[This is part of Our Molding Makeover series]
Two weeks ago we decided to install moldings throughout our home. If this were a painting project, I would have immediately started scampering around wielding paint chips and constructing and demolishing intricate theories.
Until yesterday, however, I confined my molding-related activity to worried glances at vacant areas where architectural details might take root: doorways, baseboards, and the angle where the walls meet the ceiling. I wanted to make lists, but I didn’t know what I’d write down, or how the list would function. Would it be a series of actions to take? A shopping list? Criteria for design decisions? I had no process for breaking the project down into concrete steps, so for several days my mind scrambled around the problem, looking for purchase.
I needed to have a first step, however arbitrarily chosen, but I was worried about the consequences of any given beginning. Perhaps it would be prudent to start with a budget. That seemed implausible, first, because I have no idea how much moldings will cost, and second because we intend to work incrementally, primarily with money drawn from each paycheck. There’s bound to be an exciting burst of activity in March when I get my annual bonus, but for me “three months” might as well be “three years,” or “three generations.” Unless I’m at work, I find it hard to plan for a project that far in the future. So, no up-front budget.
The philosopher and literary scholar in me feels that I should absolutely master architectural detail, then use that mastery to derive an ideal home moldings package. That approach is both unrealistic and unnecessary. It’s nearly impossible to review existing literature on any topic in one’s spare time. I’m simply not going to do that. More importantly, Ken is already an expert, and it’s redundant for me to bone up, too.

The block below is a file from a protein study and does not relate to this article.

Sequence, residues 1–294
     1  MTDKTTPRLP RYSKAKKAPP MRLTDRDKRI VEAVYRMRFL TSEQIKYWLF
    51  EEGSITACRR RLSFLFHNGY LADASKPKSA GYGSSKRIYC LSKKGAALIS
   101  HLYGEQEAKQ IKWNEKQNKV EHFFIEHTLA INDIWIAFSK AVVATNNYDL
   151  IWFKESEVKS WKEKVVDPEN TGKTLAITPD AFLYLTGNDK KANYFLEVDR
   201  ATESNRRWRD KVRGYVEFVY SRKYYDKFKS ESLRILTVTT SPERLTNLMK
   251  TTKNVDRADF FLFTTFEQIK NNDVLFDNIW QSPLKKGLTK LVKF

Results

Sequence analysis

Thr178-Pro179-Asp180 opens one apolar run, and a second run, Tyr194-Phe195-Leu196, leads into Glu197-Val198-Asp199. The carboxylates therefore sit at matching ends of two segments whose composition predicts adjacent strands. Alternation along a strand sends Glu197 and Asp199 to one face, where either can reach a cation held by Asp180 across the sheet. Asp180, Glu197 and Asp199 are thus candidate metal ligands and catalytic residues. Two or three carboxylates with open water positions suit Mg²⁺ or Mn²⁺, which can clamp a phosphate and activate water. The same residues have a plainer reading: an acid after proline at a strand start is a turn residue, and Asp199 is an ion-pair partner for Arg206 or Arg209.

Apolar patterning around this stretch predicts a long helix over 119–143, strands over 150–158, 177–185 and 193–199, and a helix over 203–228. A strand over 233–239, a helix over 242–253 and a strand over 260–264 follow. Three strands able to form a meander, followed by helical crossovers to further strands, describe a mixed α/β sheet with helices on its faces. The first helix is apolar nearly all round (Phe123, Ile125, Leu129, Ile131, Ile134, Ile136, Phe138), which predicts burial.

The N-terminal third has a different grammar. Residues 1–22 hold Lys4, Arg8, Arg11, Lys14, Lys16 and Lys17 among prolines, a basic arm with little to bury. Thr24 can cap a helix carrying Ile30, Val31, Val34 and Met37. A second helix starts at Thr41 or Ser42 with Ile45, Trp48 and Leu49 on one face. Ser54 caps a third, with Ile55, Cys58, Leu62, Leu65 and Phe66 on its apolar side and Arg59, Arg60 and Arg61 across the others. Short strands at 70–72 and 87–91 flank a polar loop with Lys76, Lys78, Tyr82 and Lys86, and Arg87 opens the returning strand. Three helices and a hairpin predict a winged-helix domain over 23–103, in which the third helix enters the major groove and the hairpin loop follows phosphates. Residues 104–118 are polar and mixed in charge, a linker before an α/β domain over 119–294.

In the end, my very sense of bewilderment gave birth to an appropriate list. I knew that we couldn’t do the entire house at once, so I composed a series of pros and cons for beginning in three of the four main rooms: kitchen, home office, master bedroom. My list for the kitchen looked like this:
- What with cooking, eating, doing dishes and reading the morning paper, we spend a lot of time there.
- It’s a public space, so we can lead oohing and ahhing visitors like my parents through there without the creepiness that attaches to a bedroom tour.
- It’s a work space, and Ken excels at designing beautiful spaces that accommodate my work habits.
- Since my first floor has a quasi-open plan, the room serves two primary functions — cooking and eating — and defining the dining area will be a pleasant challenge.
- In feng shui terms, the area encompasses the finance, fame and marriage areas of the home. Since we’re getting married soon, it seems auspicious to fix up the space.
- The open floor plan makes it hard to define where the kitchen begins and ends — the temptation is to let the project back up into the entryway, guest bathroom, and living room.
- I’m worried about the expense. People like to spend money on their kitchens, and items from dish towels to appliances are priced accordingly. We will have to fight budget creep at every step.
- The cabinets are cheap and nasty, and may look icky against actual moldings. See #2 above.
- Ken originally insisted on starting with new tile, and I found it daunting to commit to the expense, time and disruption that would entail before beginning our molding project.
- It’s a relatively cluttered space, what with cabinets, vents, lighting fixtures and outlets, and I had no idea how to design moldings around these modern necessities.
When I read this list to Ken, he dismissed Cons three, four and five out of hand. We will hold the line on making any other changes until we have moldings through the whole house. Also, as the finish carpenter, he knows how to adapt our design to the specifics of the space. It’s a mistake to puzzle over details that we can only resolve once the project is underway.
With a little discipline, my first two objections can become reasons to press forward. The kitchen and dining area need architectural detail precisely because the vaguely modernist floor plan leaves rooms ill-defined. The entryway doesn’t just complicate design: it confuses us and our visitors daily with multiple, conflicting cues. As for the expense, I’d like to start formulating principles for reducing budget creep now, while there’s still time. That way we can apply what we learn from the kitchen to other rooms.